A proposal by the administration of US President Donald Trump to designate Iran’s Islamic Revolution Guards Corps a “terrorist organization” has reportedly stalled over warnings from US defense and intelligence officials that the move could “backfire.”
The proposal was temporarily halted amid an internal debate arguing that the measure could undermine the fight against the Daesh (ISIL) terrorist group and complicate the enforcement of Iran’s nuclear deal, Reuters reported Friday, citing US and European officials familiar with the matter.
A possible US presidential order to label the IRGC a terror organization would also draw opposition from key US allies in Europe and torpedo any US-Iran diplomatic prospects, the unnamed sources said.
“That move could potentially backfire,” one of the officials said, speaking on the condition of anonymity. “If you do that, there is no way to escalate, and you would foreclose any possibility of talking to the Iranians about anything.”
The proposal has been in the works for weeks, and was expected to be announced this month. But it is unclear when – or even if – an announcement might be forthcoming, according to the report.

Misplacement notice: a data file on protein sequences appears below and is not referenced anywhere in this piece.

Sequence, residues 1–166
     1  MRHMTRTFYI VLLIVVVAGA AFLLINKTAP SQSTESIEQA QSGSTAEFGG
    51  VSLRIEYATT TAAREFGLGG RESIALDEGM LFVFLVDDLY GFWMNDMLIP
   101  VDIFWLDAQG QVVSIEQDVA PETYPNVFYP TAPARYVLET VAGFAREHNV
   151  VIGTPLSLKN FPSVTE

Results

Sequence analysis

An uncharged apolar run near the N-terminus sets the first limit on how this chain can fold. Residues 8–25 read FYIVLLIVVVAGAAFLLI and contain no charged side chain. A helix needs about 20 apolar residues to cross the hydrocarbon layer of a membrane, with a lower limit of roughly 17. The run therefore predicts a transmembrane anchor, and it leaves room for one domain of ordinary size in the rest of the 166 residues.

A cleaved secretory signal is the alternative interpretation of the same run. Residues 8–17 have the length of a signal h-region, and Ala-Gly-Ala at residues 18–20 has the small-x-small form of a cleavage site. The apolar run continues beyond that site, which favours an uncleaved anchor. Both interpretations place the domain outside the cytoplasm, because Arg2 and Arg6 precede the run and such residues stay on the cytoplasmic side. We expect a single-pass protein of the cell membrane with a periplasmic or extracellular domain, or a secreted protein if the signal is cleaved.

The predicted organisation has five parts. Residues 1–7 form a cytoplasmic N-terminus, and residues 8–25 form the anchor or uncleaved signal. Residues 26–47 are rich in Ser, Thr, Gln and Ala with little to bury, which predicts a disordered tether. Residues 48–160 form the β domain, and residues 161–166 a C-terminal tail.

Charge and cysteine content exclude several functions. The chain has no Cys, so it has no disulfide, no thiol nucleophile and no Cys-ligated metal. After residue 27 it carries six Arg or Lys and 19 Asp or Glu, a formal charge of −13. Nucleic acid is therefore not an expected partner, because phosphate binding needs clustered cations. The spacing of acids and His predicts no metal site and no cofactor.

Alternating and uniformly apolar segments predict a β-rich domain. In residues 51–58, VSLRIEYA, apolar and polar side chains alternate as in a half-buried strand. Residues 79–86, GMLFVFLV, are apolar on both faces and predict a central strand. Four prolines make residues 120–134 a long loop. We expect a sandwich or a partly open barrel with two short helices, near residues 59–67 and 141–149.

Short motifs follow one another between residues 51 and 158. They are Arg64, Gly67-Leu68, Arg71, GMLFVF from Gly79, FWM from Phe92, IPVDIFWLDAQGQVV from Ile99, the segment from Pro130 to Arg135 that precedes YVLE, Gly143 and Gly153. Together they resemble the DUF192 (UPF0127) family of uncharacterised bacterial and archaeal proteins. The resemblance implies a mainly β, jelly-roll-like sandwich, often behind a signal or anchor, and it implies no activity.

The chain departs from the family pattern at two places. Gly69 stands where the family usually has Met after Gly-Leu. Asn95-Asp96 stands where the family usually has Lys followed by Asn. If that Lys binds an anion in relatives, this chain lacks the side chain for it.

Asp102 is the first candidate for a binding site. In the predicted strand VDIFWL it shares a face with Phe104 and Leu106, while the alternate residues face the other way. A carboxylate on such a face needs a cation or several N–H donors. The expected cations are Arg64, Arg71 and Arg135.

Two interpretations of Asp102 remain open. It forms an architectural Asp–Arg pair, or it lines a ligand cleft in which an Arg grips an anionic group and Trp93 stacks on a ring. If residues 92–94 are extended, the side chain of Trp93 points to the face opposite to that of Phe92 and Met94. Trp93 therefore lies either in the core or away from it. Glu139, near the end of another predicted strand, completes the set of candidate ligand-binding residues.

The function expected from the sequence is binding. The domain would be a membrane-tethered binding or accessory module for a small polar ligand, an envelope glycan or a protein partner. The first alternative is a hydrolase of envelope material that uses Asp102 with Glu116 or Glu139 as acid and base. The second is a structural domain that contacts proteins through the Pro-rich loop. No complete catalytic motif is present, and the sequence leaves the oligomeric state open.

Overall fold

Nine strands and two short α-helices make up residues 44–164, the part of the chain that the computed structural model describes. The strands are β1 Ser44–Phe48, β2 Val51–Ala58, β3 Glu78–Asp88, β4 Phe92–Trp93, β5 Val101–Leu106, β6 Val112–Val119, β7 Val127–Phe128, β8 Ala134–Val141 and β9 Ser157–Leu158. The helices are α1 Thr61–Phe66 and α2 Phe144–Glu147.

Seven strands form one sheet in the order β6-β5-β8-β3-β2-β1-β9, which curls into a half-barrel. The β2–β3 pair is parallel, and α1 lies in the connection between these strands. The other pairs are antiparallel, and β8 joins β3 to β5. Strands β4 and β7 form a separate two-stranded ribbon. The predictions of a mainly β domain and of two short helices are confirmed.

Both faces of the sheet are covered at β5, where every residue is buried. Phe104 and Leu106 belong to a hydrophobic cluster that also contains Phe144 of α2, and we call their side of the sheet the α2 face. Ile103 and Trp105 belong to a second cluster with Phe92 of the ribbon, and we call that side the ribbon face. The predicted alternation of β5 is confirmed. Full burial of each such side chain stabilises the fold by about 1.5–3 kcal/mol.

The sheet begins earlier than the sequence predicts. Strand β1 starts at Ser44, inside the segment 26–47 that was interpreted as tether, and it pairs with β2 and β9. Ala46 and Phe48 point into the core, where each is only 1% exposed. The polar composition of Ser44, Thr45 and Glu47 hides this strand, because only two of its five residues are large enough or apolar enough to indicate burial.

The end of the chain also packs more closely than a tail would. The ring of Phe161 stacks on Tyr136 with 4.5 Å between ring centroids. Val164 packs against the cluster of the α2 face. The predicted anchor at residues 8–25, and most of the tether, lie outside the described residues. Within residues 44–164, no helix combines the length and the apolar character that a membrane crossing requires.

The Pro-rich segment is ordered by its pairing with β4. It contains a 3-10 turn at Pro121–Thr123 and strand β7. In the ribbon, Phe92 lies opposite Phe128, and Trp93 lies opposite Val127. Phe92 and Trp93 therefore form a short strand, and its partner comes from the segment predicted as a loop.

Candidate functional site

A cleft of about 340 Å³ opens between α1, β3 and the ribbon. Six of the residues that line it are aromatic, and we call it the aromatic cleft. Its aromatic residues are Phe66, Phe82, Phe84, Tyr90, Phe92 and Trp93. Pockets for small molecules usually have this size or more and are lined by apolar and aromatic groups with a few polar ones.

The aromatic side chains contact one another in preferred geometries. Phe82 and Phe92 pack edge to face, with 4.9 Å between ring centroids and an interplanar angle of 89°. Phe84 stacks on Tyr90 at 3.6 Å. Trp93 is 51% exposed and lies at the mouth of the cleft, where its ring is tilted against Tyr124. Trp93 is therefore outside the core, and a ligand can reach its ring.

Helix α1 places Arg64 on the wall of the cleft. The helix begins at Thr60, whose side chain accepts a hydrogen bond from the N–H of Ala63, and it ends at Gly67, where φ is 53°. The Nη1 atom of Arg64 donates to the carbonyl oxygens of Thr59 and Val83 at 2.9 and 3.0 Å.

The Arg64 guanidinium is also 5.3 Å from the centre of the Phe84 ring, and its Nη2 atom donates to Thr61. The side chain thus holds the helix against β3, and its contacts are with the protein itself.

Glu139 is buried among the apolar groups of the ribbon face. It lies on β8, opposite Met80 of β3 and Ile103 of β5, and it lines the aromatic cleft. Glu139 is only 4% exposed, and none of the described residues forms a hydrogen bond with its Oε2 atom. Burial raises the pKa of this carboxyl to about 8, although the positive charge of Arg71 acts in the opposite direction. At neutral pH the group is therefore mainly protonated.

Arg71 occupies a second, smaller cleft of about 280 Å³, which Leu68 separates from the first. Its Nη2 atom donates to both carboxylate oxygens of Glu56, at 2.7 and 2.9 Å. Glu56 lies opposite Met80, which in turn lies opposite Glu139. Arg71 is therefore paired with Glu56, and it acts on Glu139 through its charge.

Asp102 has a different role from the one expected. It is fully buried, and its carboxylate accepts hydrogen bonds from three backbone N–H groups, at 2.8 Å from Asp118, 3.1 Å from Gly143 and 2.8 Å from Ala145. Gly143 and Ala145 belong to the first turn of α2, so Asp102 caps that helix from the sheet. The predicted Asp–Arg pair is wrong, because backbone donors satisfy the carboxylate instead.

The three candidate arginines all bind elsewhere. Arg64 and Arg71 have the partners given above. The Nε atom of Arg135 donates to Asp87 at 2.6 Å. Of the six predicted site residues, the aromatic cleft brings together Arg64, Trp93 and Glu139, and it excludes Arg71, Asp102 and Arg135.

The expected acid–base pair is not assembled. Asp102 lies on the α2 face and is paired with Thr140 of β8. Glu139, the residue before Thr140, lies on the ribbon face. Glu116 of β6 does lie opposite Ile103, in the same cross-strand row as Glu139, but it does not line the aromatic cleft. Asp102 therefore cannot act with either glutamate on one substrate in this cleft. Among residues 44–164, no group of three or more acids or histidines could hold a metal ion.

A European security source, speaking on condition of anonymity, said his American counterparts told him the order is currently on hold.
The White House has so far refused to comment on the issue.
A decision on the matter was complicated by the resignation of Trump’s national security adviser, Michael Flynn on February 13. Flynn was one of the Trump administration’s leading Iran hawks.
But even before Flynn’s departure, officials from the US Defense Department as well as American and foreign intelligence agencies had warned about listing the IRGC a terrorist group.
The US has already imposed sanctions on some Iranian individuals and entities that it claims to be linked to the IRGC.
The IRGC has been successfully advising Iraqi and Syrian militaries in their operations against Daesh and other terrorist groups.